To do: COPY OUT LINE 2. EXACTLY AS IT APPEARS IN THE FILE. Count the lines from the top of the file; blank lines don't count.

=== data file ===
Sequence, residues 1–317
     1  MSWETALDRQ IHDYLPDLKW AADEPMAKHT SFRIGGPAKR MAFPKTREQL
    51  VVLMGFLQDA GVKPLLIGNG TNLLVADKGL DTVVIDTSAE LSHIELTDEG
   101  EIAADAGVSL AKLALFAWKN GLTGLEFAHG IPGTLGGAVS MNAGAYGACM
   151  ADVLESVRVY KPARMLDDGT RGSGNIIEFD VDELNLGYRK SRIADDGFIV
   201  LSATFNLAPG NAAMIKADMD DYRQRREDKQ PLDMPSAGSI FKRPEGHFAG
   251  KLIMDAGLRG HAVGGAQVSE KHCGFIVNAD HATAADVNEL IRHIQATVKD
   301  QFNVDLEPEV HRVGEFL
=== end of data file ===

     1  MSWETALDRQ IHDYLPDLKW AADEPMAKHT SFRIGGPAKR MAFPKTREQL